From the Biochemist

These stunning images capture the beauty of Tasmania's vast underwater seaweed forests.

 

These versatile, abundant marine plants have been harvested for thousands of years and valued as both a food and a medicine. There is a long history of seaweed consumption in Asia, and the earliest mention of the use of seaweed in traditional Chinese medicine appeared in the 6th century AD.

 

Today, the harvesting and cultivation of seaweed has become a major industry. Surprisingly, it remains one of the less recognised sources of food and medicine in our society. The swaying brown kelp species illustrated in these photographs are sources of alginate - a thickening agent used not only in foods but also in wound dressings and digestive medicines. Most of us will come across seaweed on a daily basis in our yoghurt, ice-cream, toothpaste, nutritional supplements, health beverages and cosmetic creams. Seaweed is also widely used as a bioactive ingredient in agriculture and aquaculture feeds and fertilizers.

 

Marinova specialises in producing pure, high quality extracts from the seaweed species growing in Tasmanian waters. The scientists at Marinova concentrate on an especially bioactive ingredient found in kelp, called fucoidan. This important component of the kelp plant helps to protect it from disease and, when extracted, has been found to inhibit viruses such as Herpes and Influenza. These fucoidan extracts have also been shown to reduce the symptoms of osteoarthritis, stimulate immunity and help to reduce the recurrence of cold sores. Fucoidan is safe and non-toxic, making it an excellent natural choice for a range of ailments and conditions.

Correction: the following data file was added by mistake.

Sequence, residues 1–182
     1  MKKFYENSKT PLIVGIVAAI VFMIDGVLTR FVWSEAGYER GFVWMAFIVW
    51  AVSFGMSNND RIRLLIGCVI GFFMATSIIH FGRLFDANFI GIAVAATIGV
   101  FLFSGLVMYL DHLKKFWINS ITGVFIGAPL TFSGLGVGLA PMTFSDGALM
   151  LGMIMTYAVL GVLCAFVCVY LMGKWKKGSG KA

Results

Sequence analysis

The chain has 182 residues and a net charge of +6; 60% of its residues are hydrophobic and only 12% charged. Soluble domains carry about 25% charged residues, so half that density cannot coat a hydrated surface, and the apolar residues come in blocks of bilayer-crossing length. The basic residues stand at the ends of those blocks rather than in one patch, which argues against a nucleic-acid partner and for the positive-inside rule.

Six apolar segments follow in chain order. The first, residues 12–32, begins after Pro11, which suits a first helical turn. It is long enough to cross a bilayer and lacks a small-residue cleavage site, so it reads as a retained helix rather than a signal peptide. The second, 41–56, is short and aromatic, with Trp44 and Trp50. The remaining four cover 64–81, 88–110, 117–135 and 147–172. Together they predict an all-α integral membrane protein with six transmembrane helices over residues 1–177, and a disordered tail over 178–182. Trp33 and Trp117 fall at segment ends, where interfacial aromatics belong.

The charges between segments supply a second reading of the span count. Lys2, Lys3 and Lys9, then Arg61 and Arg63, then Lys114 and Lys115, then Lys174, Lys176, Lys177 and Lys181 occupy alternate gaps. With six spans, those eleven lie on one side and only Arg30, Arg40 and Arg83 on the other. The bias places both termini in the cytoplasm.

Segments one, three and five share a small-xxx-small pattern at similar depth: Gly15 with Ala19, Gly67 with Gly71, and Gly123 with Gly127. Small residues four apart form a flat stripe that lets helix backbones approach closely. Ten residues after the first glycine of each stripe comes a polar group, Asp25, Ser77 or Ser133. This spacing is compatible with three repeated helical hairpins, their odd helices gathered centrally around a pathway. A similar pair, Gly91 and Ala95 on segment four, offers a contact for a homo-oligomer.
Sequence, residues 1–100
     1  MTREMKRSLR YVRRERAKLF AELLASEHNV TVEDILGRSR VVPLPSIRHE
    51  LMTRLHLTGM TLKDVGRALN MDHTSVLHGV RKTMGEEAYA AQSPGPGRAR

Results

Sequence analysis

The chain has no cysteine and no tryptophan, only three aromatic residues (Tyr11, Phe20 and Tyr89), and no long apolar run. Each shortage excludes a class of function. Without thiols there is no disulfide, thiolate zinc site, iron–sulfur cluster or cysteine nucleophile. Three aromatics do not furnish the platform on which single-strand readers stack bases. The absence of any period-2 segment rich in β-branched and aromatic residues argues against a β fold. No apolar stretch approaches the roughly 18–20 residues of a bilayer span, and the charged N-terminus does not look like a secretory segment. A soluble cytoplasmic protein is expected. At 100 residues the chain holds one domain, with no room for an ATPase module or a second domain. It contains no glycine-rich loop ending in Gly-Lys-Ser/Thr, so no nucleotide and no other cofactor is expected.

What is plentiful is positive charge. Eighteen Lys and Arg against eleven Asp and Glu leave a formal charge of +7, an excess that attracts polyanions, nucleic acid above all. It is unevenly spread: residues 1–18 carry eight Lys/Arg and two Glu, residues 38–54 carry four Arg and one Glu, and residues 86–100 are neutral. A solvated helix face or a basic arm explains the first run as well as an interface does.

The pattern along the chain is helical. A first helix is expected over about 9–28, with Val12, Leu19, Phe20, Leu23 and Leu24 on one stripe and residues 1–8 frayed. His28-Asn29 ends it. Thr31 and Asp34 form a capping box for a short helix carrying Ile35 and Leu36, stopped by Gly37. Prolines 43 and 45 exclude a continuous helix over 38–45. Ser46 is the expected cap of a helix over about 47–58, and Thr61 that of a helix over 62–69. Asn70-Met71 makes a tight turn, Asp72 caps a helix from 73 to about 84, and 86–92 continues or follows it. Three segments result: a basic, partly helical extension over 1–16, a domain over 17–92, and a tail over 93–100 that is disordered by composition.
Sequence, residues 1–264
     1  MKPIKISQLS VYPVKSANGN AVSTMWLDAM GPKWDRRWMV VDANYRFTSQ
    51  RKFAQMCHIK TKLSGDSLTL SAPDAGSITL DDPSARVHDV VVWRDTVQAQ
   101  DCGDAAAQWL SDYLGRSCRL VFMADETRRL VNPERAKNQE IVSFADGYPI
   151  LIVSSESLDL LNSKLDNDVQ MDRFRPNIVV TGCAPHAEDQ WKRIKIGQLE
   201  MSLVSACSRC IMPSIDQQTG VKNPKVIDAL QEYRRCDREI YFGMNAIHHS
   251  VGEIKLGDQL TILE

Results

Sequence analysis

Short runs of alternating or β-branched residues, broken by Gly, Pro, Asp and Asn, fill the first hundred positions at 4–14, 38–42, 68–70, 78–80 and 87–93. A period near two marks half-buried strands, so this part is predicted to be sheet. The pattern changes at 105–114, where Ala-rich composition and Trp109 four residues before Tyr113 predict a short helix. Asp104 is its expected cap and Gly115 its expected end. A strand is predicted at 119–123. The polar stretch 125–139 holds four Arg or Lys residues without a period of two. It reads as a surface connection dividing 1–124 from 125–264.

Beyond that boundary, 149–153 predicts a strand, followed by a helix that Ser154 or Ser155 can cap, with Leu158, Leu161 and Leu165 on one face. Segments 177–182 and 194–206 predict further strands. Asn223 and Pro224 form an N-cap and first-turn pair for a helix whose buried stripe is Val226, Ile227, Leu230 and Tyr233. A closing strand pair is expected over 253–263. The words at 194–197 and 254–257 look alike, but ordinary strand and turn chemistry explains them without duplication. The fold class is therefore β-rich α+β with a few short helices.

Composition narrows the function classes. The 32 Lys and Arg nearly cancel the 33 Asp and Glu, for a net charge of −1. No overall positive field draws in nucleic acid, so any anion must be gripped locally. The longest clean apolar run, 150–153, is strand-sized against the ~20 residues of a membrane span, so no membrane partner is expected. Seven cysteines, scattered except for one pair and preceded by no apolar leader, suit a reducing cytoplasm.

Seaweed is a natural gift from the sea and must be harvested sustainably to ensure it is available for future generations. In coming years, it might be possible to grow seaweed in tanks on land, reducing the need for wild harvest and increasing the availability of these extraordinary plants for our needs.

 

With advancing technology and new research projects, scientists hope to continue investigating the potential of seaweed so that its ecological, medicinal and nutritional importance can be fully discovered.

 

Dr J.Helen Fitton

Senior Scientist, Marinova Pty Ltd